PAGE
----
What do employers want? We ask three execs for their secrets and their insights
What do employers want? What are employers struggling with? Here, a trio of execs — one an esteemed placement specialist, the other two renowned for their work within the agency environment — share insights, secrets, worries, and everything else in between.
Read more from John Challenger, CEO, Challenger, Gray & Christmas (left); Lisa DuJat, chief talent officer, FCB Health (center); and Rob Rogers, co-CEO of the Americas and chief creative officer, Sudler & Hennessey
Read the 2016 Career and Salary Survey here.
What's your big-picture assessment of the pharma/healthcare job climate?
Challenger: The lock big pharma had on the best and the brightest no longer holds. You've got an explosion of startups, smaller biotech and medical-product companies, and venture money chasing it and pushing it forward.
What do current or would-be agency employees want to hear from people like you now?
DuJat: They want to know that it's about them. You need to build conversations so they're about career development — “while you're here, we're going to focus on you and get you the skills you need.” When people know that, they'll stay.
Rogers: Despite some hubbub to the contrary, both creativity and opportunity are alive and well in healthcare. This is not the dry, impervious environment portrayed in some circles. It teems with passionate, smart and clever folks.
Many clients today are willing us to challenge their assumptions and asking for work that is powerful and provocative. They realize creating brand difference can hold the key to their success. We would like to talk with anyone whose approach is to use ideas to create opportunities for brands in healthcare.
What can pharma and healthcare marketing agencies do to attract better candidates?
Rogers: Acknowledge that healthcare is a broad church, and stop trying to fill every square hole with a square peg. Just because someone has a background in a particular therapeutic area doesn't mean they want to spend the rest of his or her career in that space. Some of the best hires we've made have come from atypical sources. Our apprentice program has shown that if you build a curriculum based on creating a great experience for graduates — you will have no problem attracting talent.
DuJat: We're also up against what it means to be loyal to a company or a career. Five years ago, maybe you were happy to have a job. Now people have more options. They can, and do, pick up and move across the country. So while they're here, we need to give them everything they need. We need to help them bring their regular and work lives together so that there's not as much of a distinction between the two.
How has the climate changed from, say, five years ago?
Challenger: People in this business have a much wider array of options — they're not as confined to a smaller population of companies. Also, jobs are more spread out than they used to be. So if you take that and add in the number of companies competing for the same talent, it's really changed the hiring dynamic. It's pushing up compensation.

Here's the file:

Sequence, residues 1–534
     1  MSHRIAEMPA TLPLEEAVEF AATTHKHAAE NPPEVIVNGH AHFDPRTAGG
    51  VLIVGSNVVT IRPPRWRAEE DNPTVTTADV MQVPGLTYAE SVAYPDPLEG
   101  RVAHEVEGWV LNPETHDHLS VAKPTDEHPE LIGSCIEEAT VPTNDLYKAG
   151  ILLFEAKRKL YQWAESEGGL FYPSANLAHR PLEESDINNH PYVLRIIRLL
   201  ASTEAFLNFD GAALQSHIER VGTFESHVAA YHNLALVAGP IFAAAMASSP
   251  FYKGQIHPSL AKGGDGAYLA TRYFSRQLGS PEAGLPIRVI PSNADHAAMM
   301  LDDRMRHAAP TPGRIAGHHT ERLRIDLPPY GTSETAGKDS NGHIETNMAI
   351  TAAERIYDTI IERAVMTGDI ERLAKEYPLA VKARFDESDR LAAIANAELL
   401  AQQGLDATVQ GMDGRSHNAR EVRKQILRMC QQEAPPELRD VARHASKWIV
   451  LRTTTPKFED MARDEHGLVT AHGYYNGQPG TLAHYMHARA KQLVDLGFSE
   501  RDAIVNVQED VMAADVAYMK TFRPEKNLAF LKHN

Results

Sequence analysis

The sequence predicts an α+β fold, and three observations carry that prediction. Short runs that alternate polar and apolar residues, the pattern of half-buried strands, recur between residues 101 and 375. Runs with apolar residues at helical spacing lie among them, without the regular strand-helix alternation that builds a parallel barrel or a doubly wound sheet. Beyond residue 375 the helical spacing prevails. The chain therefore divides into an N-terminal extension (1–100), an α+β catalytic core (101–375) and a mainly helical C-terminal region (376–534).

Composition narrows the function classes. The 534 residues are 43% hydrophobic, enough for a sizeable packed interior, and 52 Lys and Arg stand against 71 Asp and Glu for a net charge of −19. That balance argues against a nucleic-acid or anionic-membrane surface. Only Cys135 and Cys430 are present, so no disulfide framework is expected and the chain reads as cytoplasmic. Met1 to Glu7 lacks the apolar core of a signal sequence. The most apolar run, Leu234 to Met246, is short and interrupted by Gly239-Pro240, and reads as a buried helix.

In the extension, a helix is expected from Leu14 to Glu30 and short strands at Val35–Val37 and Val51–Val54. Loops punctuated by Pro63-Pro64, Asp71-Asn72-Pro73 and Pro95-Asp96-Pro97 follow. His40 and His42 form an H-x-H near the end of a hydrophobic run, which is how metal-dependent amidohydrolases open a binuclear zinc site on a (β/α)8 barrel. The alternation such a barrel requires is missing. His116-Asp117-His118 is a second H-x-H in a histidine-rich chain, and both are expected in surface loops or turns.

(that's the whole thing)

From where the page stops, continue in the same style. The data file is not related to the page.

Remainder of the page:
Rogers: Global warming aside, our clients and their brands are increasingly under pressure, and these issues are reflected in our business. In particular, the time given to bring therapies to market has shortened and the window to show performance has narrowed. Unsurprisingly, this has led to greater focus on efficacy and process, but I believe the real opportunity is to create smart ideas that can create an impact quickly.
What approaches work best with younger employees? Are millennials really that different from preceding generations?
Challenger: They want work that has meaning. They want a work–life balance. They want a workplace culture that's fun and that makes them want to get up in the morning and go to work. Is that unique to them? Probably not. People share so much more information about their companies today. So companies that don't do these things well get found out. People compare notes.
In light of that, how do you evolve the conversation with current and prospective employees?
DuJat: People on this team are almost becoming career coaches. One of our jobs now is making sure a certain job or role is the right one for them.
What are companies' biggest challenges and frustrations now?
DuJat: A lot of the challenges you can't really do anything about. People are so much more willing than they used to be to try new things. “I'm moving across the country” has become a thing lately. “I'm moving to Barcelona.” “I met someone.” It's a more global world and the younger generation travels a lot. No matter how good we're doing, we're going to lose people for that reason.
What can, or should, companies be doing?
Challenger: Companies have to be very clear about the employees they view as having high potential and act accordingly. People at company headquarters have to take ownership of their best people. They have to think very hard about their employees' careers and exposing them to new experiences and giving them responsibility.